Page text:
What is clear is that pretending that this in some way means there is a positive angle to a lack of ability to pick a signal out of the noise is spin and not science.

            Yes we won’t know that patient X died of Fukushima – and we won’t see millions of obvious deaths and be able to say with certainty it must have been that radiation release.

            None of that means that people will or won’t die or suffer from these releases.

            I am fairly certain some will in a few decades time. I don’t know the number but likely more than 1.

            The releases are affecting lives right now though. That is provable reality – just not from the science you chose to focus on.

          • Brad dayag

            There are dozens of large radiological releases with observed doses on people that have been put through the epidemiological ringer. Based on these, Fukushima just doesn’t seem to be in the position to effect that many people and those who will receive a dose, it will be far too low to cause harm.

          • Richard Werkhoven

            Exact dose per subject is not known in those studies and the result is therefore very unlikely to be of great value.

            The doses assumed are by necessity very rough estimates.

            It won’t be far too low to cause harm – at best the harm will be minor. There is a difference.

            This is the sort of misuse of science that has me very worried.

            Just because there is a study it is foolish to assume it was useful or that a lack of a result proves something it just can’t.

          • hennorama

            Richard Werkhoven – not to mention the issues involved in tracking large numbers of people over long time periods.

          • Richard Werkhoven

            Well yes – and the problem of knowing the dose received with any accuracy – which considering the population were not wearing dosimiters at the time of exposure is extremely unlikely.

            In Chernobyl the difference between contamination between a house and the house next door was massive yet the study was based on the averaged likely dose. This is near useless to prove anything much.

          • hennorama

            Richard Werkhoven – Thank you for your illuminating comments. It’s always a pleasure to read well-informed and well-reasoned commentary.

            Well done.

        • fun bobby

          at this point it seems like it may affect some people in japan and has already affected some already.

    • nj_v2

      I see a lot of words there trying to be a cogent sentence, but, alas, they struggle in vain.

      • Brad dayag

        Oooh .. watch out folks, the grammar police are on patrol today.

  • sickofthechit

    Can we all agree that no one is pronouncing Fukushima correctly? charles a. bowsher

    • WorriedfortheCountry


    • brettearle


      • Coastghost

        Discussed, Disgust, or Disqust?

        • brettearle

          Good one

    • hennorama

      sickofthechit – Mr. Ashbrook has it right, which is not surprising, since he “spent ten years in Asia — based in India, Hong Kong, and Japan…” per his On Point bio.

      He does on occasion revert back to the common but incorrect “fuu kuu SHEEE ma” when he unconsciously mimics his guest, David McNeill in the early part of the broadcast (start listening @~ 9:30 to hear the flub @~10:00 in).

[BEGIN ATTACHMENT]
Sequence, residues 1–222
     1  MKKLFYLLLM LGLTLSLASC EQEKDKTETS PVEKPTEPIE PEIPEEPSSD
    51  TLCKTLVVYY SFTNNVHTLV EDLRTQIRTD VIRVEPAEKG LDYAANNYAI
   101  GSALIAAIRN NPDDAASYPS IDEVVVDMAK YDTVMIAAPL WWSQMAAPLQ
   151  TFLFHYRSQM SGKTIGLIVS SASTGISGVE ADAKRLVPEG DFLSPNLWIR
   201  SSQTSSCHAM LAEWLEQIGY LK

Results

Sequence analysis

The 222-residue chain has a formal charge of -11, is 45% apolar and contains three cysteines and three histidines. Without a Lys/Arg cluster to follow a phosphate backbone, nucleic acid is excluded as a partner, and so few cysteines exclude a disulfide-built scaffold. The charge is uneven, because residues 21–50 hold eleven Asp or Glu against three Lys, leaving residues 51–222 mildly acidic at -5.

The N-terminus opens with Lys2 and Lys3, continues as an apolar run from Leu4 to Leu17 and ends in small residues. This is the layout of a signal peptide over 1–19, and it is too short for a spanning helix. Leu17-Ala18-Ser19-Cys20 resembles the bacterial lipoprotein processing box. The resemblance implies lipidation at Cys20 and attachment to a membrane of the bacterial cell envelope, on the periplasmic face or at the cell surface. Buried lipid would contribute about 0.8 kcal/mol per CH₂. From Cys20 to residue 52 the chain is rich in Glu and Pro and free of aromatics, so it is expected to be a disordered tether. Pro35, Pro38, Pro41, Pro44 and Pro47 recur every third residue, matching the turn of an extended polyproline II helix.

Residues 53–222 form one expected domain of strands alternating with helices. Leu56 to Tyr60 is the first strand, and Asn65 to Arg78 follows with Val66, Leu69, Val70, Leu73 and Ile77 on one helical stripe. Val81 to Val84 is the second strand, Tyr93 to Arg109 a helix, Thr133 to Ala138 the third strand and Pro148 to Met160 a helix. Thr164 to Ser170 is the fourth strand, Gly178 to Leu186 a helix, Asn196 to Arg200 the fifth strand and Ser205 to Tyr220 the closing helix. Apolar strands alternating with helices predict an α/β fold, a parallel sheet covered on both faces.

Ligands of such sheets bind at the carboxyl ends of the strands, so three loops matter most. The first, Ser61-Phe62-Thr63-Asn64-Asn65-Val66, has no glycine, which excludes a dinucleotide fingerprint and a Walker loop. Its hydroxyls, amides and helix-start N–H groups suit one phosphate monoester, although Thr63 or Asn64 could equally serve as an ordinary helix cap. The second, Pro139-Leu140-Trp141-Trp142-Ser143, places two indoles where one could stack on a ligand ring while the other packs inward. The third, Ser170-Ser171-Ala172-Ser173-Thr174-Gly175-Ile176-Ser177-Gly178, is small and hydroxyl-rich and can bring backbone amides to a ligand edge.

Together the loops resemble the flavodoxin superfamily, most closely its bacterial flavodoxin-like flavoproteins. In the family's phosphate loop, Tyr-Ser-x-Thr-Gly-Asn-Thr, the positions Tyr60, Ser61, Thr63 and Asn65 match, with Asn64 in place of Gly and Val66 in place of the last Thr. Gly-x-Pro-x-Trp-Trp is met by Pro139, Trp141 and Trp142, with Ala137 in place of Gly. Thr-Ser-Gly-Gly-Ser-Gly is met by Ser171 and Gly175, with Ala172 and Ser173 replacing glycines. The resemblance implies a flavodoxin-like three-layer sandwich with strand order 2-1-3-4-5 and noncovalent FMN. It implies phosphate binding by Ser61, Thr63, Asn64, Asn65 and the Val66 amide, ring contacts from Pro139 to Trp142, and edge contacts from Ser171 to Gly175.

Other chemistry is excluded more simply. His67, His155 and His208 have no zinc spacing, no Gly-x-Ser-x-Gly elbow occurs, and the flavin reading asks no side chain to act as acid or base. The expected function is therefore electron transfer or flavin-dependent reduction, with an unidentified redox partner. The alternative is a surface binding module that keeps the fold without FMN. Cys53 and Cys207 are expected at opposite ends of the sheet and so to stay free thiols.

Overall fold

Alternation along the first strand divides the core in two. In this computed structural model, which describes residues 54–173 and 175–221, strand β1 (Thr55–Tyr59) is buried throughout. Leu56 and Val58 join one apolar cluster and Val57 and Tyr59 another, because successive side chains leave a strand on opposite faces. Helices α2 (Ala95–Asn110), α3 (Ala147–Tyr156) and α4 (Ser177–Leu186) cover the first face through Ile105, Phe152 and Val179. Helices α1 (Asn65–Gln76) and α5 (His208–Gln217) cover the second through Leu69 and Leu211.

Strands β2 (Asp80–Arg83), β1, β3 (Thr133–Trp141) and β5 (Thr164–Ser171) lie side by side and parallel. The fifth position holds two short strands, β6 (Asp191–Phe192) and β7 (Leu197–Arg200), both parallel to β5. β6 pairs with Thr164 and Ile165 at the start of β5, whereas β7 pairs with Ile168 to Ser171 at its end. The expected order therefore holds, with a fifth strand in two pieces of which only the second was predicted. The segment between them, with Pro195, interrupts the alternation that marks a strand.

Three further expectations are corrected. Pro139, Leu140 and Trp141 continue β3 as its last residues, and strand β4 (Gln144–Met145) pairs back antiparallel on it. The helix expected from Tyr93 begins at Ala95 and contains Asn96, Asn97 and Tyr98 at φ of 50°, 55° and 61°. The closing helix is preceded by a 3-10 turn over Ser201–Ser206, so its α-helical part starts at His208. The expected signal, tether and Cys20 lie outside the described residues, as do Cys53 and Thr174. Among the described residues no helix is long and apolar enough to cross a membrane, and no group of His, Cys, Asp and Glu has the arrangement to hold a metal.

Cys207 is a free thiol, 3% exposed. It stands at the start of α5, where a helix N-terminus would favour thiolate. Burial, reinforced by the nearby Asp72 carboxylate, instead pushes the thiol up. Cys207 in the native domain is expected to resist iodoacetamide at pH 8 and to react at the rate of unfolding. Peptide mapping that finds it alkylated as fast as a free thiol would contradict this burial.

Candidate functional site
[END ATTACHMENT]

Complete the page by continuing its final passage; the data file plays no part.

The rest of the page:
http://joeclark.org/dossiers/Fukushima.mp3 (audio pronunciations)

      • sickofthechit

        The pronunciation twist I was attempting to get to would have had the first three letters rhyming with truck. I was just trying for a little levity…sometimes I miss the mark even worse if you can imagine.

        • hennorama

          sickofthechit – OK, NOW I get it. :-)

          Perhaps next time you could write “Shouldn’t we be pronouncing ‘Fukushima’ to rhyme with ‘Luck you she ma’?

          Or similar.

          Or even simpler – “Shouldn’t we be pronouncing the first three letters of ‘Fukushima’ to rhyme with ‘truck’?

          Humor is not always easy to communicate “in here,” as you’ve discovered.

    • JobExperience

      The NHK anchors seem to say “Excushima.”

  • WorriedfortheCountry
    • hennorama

      WftC – and sometimes a cartoon is just a cartoon.

      • WorriedfortheCountry

        Oh, but this one captures the current state of climate science so well.

  • ramani

    The point isn’t this Fukushima radiation level, it is the combination of screwing around on all fronts. For millions of years nature has got it right and we come along pressing buttons on stuff, 99.99 to the ten power don’t know how it works…we are messing with food genetics, pharmaceuticals, toxic pesticides…it goes on and on…and on. And we the people wave flags, use our blind spot so we won’t see it but our children and their children will have to deal with this crap. Society is the toxin and we have to detox by taking responsibility. If,”war is not the answer,” we are in the middle of a worlds war on our human nature…and nature in general.

  • WorriedfortheCountry
  • fun bobby

    so its basically an emotional response?

  • apeman2502

    Look into who really controls the progress and policy at the Fukushima plant. This site and others are sensitive about the fact.

    • patpatt3rs0n

      There are confirmed workers with Yakuza connections present at Fuku and amongst ‘decontimation’ projects. Also this plant was using MOX fuel which is extra-nasty as it contains plutonium.

      • apeman2502